wound, but hardship and exposure in a hot climate impaired his health seriously,
producing a chronic complaint peculiar to the soldiers of the late war, but he
kept to his post, driving ambulance when he could not march, until he was
finally discharged, April 13, 1865, just at the close of the war.
On his return from the war, and partial recovery of his health, he
engaged in milling at New London. He
was employed at that work until 1868, when he went to Oregon, Linn Co., Iowa,
where he spent three years in a mill at Harrisburg. He then returned to New London, and in 1872 engaged in
mercantile business. Mr. Shaner
carries a fine stock of general merchandise and has built up a good trade.
He was married at New London, Oct. 3, 1872, to
Miss Mary E. Lyman, daughter of Ambrose Lyman, Esq.
Mrs. Shaner was born near Columbus, Ohio. They have four children, three sons and a daughter: Ambrose
L., born Sept. 17, 1873; Charles Ira, born Jan. 24, 1875; Aria Belle, born Jan.
23, 1878, and Ora J., Dec. 22, 1884. Mr.
Shaner is a Master Mason, a member of New London Lodge No. 28, A.F. & A.M.,
also a member of Charity Lodge No. 56, I.O.O.F. Politically he is a Republican, having always voted with that
Samuel I. Shaner, merchant, New London, Iowa,
dealer in clothing, gents' furnishing goods, notions and jewelry, and ex-County
Treasurer, is a pioneer of Henry County of 1844. He was born in Westmoreland County, Pa., Dec. 7, 1832, and is
the son of George and Juliana (Bricker) Shaner.
His father was born in the same county, while his father's parents were
of German birth, who on emigrating to America first settled in Maryland, and
removed from there to Westmoreland County, Pa.
Samuel came to Iowa with his parents in 1844, landing in Burlington on
the 10th of April; ten days later they came to New London.
His father was a tailor by trade, and engaged in that business until
1850, when getting the gold fever, he went overland to California, where he
spent seven years in mining and other pursuits, and returned home in 1857, via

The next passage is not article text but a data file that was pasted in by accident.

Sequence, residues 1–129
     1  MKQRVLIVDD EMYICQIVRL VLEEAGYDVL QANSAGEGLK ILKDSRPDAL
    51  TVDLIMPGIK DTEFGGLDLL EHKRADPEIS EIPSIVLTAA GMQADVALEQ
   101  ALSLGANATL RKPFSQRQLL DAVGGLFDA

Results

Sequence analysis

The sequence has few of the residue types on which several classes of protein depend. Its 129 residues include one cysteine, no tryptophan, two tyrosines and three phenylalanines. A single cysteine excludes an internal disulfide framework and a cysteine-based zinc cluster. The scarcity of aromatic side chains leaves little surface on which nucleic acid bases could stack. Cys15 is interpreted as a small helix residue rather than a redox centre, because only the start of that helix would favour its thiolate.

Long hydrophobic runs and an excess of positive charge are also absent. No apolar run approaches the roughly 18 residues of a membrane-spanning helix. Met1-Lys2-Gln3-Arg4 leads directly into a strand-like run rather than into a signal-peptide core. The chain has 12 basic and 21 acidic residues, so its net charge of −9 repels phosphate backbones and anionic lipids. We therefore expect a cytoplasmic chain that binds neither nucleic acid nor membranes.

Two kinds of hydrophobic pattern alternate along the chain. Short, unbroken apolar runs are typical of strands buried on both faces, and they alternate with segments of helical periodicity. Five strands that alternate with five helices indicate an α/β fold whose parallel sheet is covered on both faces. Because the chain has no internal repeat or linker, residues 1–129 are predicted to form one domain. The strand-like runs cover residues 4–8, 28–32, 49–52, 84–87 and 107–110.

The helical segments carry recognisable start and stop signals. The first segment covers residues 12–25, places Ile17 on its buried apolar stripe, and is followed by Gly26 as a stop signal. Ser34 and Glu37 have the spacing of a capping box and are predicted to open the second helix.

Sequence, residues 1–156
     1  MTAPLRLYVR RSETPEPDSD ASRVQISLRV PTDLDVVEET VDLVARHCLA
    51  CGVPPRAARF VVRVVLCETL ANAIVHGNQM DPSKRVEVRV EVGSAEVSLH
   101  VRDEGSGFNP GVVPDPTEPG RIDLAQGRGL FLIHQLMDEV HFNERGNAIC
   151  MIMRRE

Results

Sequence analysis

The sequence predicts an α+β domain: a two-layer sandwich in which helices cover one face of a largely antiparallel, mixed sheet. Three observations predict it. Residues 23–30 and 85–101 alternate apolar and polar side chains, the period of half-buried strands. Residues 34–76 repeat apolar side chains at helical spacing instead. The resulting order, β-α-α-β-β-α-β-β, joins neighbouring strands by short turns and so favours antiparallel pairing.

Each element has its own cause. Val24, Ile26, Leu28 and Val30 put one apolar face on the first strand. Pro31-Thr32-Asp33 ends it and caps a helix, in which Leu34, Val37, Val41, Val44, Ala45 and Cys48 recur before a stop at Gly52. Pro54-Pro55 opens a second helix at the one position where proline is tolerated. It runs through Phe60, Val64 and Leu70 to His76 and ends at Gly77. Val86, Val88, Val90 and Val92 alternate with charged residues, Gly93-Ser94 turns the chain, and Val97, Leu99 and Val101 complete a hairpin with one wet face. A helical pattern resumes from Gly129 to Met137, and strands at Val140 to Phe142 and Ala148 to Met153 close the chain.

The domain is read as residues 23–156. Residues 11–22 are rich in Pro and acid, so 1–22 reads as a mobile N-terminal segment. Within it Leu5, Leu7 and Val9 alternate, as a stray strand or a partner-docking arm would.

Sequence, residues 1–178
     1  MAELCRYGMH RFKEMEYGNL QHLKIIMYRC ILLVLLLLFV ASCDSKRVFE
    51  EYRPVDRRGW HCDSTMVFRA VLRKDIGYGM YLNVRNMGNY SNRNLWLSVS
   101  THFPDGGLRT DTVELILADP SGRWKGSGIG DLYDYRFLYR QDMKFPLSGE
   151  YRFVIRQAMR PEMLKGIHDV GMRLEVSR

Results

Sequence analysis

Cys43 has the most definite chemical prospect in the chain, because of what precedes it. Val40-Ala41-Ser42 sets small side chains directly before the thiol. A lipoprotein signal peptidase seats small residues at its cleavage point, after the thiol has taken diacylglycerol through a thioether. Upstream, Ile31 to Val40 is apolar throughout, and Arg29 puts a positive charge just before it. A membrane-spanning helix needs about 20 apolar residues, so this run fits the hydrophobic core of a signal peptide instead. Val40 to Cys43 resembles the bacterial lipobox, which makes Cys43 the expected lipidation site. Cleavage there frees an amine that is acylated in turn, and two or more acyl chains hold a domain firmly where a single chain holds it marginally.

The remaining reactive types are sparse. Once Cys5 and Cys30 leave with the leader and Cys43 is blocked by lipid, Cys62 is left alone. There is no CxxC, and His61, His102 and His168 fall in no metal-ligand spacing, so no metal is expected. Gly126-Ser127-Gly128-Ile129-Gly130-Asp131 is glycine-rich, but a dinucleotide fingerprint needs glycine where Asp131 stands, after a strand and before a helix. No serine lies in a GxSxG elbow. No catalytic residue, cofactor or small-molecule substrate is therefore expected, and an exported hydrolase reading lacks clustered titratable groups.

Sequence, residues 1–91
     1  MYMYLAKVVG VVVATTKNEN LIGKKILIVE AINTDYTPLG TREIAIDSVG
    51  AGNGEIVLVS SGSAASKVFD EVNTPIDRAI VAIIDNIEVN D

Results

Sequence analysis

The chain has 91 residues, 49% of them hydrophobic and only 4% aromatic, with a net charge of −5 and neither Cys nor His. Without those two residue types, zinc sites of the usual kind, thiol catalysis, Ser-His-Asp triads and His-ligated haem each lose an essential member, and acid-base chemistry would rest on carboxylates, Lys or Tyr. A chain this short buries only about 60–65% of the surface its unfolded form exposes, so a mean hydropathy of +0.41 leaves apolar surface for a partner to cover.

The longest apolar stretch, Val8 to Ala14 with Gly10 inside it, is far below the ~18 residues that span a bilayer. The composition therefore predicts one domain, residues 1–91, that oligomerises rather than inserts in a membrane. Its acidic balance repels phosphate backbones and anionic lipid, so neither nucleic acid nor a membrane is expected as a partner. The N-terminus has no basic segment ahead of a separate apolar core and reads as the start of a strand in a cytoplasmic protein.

Panama and New York. On his return
he entered the service of the Burlington & Missouri Railway Company, as
Station Agent at New London; his death occurred in the winter of 1876.
Samuel learned the tailor's trade, but not being
pleased with that vocation, did not follow it.
He entered the service of the Burlington & Missouri Railway Company
as agent at New London in 1858, being the second person to serve in that
capacity at that place. He was
retained in the company's employ until 1872, covering a period of fourteen
years, during which time he served as Station Agent, first at New London, as we
have said, next at Fairfield, then at Ottumwa, and again at New London.
In 1872 he engaged in mercantile business at New London, and continued it
until 1882. He was elected
Treasurer of Henry County in the fall of 1879, and entered upon the duties of
the office Jan. 1, 1880. He was re-elected and served until Jan. 1, 1884.
Mr. Shaner made a capable and faithful officer.
He had continued the mercantile business up to the close of his first
term of office. He did not again
resume active business until 1886, when he engaged in his present trade. He has held various local offices, and has taken an active
part in public affairs. He was
married at New London, Jan. 27, 1859, to Miss Martha G. McManus, a daughter of
James N. McManus. Mrs. Shaner was
born in Fairfield, Ind. They have
two children, a daughter and a son. The
daughter, Clara L., is the wife of M.B. Cullum, of St. Paul, Minn.
The son, Frank N., was born at New London, Aug. 24, 1870, and is with his
father in the store.
Mr. Shaner is a Republican in politics, and has
been associated with that party since its organization. He has many friends in the county, and bears an honorable
name in the community in which he resides.
farmer and stock-raiser, he resides on Sect. 23 in Baltimore Twp. He was born in
Jennings Co., IN in 1822, the son of George and Isabella (Graham) Shelledy.
Edward, the paternal grandfather was born in VA, and the ancestors are supposed
to be of Irish origin. He married Miss Bovell, and later moved to OH, and from
there to Jennings County, IN, and lastly to Edgar Co., IL, where both he and his
wife died. They had seven children: Margaret, deceased, who
married William Moore, of Lowell, IA, and died there; George, father of
Carey D., married Isabella Graham in Indiana where his death accidentaly
occurred while clearing up his farm; Stephen married Elizabeth Vance and both
are now dead; Alfred, Gillen, and Alex, who died unmarried; and John, married to
Mary A. Milton.
family of George and Isabella consisted of 3 sons, Edward, George, and Carey D..
The widow afterward married John
Compton and bore him 6 children, Samuel, Virginia, Louisiana, Stephen, William
and Isabella. The mother died in Marion Co., Iowa in 1822.
the death of his father and remarriage of his mother Carey D. Shelledy, then 16,
left home and went to Charleston, IL and learned the saddlery and harness trade.
He came to this county at age 18,and in the winter of 1840 opened a shop, the
first mechanic of this area. He made the first saddle and breeching harness ever
manufactured in Henry Co. The shop stood on the site of Presley Saunders bank.
He next went to Lowell and ran a carding-mill for Thomas Angell for two years.